Meandering pulmonary vein

Posted By Sneha Harish C
Meandering pulmonary vein

Gender, Age

Female, 28


Meandering pulmonary vein


Asymptomatic. Patient was undergoing work up for infertility.


Chest radiograph showed an abnormal tubular radiopacity in the para cardiac region of the right lung with mild volume loss of the right lung (Fig 1). The cardiac silhouette appeared normal. Scimitar syndrome was suspected based on the chest x-ray and contrast enhanced computed tomography scan of the thorax was done. On contrast enhanced CT (CECT) there was replacement of the normal right pulmonary veins by an abnormal single tortuous pulmonary vein with a meandering course through the right lung beginning in the right upper lobe and coursing posteriorly and medially and draining into the left atrium (Fig 2). The main pulmonary artery, right and left pulmonary arteries were found to be normal. No systemic collateral vessels were seen. In addition, there was absence of the right middle lobe bronchus, the horizontal and oblique fissures with a single fissure seen separating the apical segment of the right upper lobe from the rest of the right lung parenchyma suggesting pulmonary hypoplasia (Fig 3). Echocardiography of the patient was found to be normal.


Meandering pulmonary vein also called pseudo-Scimitar syndrome or Scimitar variant is an extremely rare pulmonary venous anomaly which could be confused with the classical Scimitar syndrome which is a relatively more common condition with similar appearance of a linear opacity in para cardiac location on chest x-ray. Unlike the Scimitar syndrome where the abnormal pulmonary vein drains into the inferior vena cava, in pseudo-scimitar the pulmonary vein has an abnormal course but drains normally into the left atrium. The following case is an example of this condition. The classical Scimitar syndrome consists of hypoplasia of the right lung, dextroposition of the heart, hypoplasia of the right pulmonary artery, an abnormal pulmonary vein draining into the inferior vena cava (IVC) and a systemic collateral supply to the lung. Several variants of the Scimitar syndrome have been described of which one rare variant includes a single tortuous scimitar like vein draining into the left atrium. The term “meandering pulmonary vein” was first used by Goodman et al to describe a single large right pulmonary vein which drained into the left atrium instead of the inferior vena cava as would be seen in a case of true scimitar vein]. The term Anomalous unilateral single pulmonary vein (AUSPV) is also used. Unlike the true scimitar syndrome, the drainage in case of AUSPV is orthotopic. These are congenital anomalies of the pulmonary venous system in which there is partial anomalous pulmonary venous drainage without abnormal course in the lung. As these vessels drain into the left atrium, right to left shunting is not seen and hence the patients are usually asymptomatic, mostly detected incidentally. They do not require any intervention. It has been hypothesized these anomalies occur during the primitive splanchnic capillary stage of development. Atresia of one of the pulmonary veins after the splanchnic circulation has separated but before the pulmonary segmentation has occurred might be the cause of AUSPV formation. Several cases have been reported with associated anomalies in patients with a meandering pulmonary vein and hence one should be on the lookout for other findings while evaluating these cases which include dual drainage both to the IVC and left atrium, bilateral anomalous single pulmonary veins draining into the left atrium, hypoplasia of the right main pulmonary artery and mirror image lung, right lung and pulmonary artery hypoplasia with bilateral left sided bronchial configuration. AUSPV or meandering pulmonary vein can mimic several other pathologies such as the true scimitar syndrome, pulmonary nodules, pulmonary arteriovenous malformations, pulmonary varices etc. It is important to distinguish between these pathologies and make the correct diagnosis as the management varies significantly. Although pulmonary angiography is the gold standard for the diagnosis of pulmonary venous anomalies non-invasive techniques like MDCT and magnetic reson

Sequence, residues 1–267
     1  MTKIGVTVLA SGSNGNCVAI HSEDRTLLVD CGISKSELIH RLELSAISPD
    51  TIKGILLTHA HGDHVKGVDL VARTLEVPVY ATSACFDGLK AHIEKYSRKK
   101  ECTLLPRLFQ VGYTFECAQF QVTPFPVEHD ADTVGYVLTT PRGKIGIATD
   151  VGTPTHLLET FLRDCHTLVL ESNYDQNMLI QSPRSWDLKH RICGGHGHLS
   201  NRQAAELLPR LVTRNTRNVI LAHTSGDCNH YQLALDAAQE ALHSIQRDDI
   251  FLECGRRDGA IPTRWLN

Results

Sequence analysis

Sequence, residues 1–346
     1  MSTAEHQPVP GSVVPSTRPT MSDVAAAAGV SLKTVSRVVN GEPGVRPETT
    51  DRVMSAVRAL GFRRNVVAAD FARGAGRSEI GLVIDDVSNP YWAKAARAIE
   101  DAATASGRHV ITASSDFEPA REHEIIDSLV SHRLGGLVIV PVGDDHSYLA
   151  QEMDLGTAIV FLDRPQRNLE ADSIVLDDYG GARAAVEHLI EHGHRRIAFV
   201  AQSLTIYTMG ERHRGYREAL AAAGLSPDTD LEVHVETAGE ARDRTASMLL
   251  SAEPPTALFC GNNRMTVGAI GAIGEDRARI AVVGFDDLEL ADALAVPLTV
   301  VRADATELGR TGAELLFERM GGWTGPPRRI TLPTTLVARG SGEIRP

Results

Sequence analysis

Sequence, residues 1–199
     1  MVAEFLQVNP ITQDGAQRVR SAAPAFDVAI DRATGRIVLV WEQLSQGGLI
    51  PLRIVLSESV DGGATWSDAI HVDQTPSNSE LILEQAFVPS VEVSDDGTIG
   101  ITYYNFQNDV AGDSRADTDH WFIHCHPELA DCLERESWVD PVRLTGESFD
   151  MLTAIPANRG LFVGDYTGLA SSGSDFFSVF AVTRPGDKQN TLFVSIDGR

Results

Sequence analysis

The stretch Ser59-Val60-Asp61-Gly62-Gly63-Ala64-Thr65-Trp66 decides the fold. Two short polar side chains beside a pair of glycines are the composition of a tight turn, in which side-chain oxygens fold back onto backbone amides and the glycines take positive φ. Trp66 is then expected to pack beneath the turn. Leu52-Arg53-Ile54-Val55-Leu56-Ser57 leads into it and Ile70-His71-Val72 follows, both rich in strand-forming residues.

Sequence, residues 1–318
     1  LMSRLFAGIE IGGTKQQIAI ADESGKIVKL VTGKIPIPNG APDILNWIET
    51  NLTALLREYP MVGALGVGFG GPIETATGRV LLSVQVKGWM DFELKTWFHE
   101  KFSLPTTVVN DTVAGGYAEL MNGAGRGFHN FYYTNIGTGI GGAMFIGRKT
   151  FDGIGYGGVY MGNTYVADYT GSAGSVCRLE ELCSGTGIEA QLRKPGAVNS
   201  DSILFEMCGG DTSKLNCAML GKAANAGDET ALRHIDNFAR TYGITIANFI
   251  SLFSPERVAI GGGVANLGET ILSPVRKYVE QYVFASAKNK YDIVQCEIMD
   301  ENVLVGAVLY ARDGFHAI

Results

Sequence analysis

Meandering pulmonary artery is a variant of the classical scimitar syndrome in which the pulmonary artery has an abnormal course but normal drainage into the left atrium. Since this condition generally does not require any intervention it is important to distinguish this entity from the classical scimitar syndrome in which the abnormal vessel drains into the inferior vena cava.

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  • Roland Talanow 2019-09-06 11:17:42

    Thank you for this case.
    The title says "Meandering pulmonary vein", but the Pearls say "artery".
    Could you please clarify?
    Thank you.


  • Roland Talanow 2019-09-03 13:23:26

    Discussion terminates abruptly: "like MDCT and magnetic reson"